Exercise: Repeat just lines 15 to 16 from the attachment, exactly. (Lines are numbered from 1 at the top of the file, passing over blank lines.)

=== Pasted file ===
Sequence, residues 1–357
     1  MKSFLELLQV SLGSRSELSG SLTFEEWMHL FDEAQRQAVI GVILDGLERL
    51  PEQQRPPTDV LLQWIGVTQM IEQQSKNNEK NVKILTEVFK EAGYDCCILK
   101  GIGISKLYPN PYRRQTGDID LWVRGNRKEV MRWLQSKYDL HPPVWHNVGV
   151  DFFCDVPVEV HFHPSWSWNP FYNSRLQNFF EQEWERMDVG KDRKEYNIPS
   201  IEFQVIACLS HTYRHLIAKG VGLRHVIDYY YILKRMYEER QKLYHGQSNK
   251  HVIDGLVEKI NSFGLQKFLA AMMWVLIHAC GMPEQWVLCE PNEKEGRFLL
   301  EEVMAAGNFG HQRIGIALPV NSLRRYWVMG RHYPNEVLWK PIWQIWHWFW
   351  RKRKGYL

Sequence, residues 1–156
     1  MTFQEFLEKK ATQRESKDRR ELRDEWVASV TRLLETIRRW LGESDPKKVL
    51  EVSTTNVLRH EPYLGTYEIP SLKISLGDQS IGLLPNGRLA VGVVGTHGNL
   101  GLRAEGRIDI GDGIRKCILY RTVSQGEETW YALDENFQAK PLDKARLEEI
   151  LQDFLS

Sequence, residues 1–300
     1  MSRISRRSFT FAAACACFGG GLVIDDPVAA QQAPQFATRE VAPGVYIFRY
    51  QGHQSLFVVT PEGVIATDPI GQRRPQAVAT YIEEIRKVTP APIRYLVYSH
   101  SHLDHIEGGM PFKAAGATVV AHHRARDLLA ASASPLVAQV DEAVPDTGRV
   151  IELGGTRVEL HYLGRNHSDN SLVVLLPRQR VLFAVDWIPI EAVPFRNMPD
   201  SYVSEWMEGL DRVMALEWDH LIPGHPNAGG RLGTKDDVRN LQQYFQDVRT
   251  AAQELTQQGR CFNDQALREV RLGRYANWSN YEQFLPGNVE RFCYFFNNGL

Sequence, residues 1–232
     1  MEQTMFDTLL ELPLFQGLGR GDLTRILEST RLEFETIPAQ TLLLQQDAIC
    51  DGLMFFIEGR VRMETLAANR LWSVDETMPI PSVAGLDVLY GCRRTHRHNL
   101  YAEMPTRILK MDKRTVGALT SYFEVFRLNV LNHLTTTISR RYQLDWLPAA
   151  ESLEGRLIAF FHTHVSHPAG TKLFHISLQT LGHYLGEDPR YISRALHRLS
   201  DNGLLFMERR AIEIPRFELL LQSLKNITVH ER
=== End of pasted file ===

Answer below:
Sequence, residues 1–300
     1  MSRISRRSFT FAAACACFGG GLVIDDPVAA QQAPQFATRE VAPGVYIFRY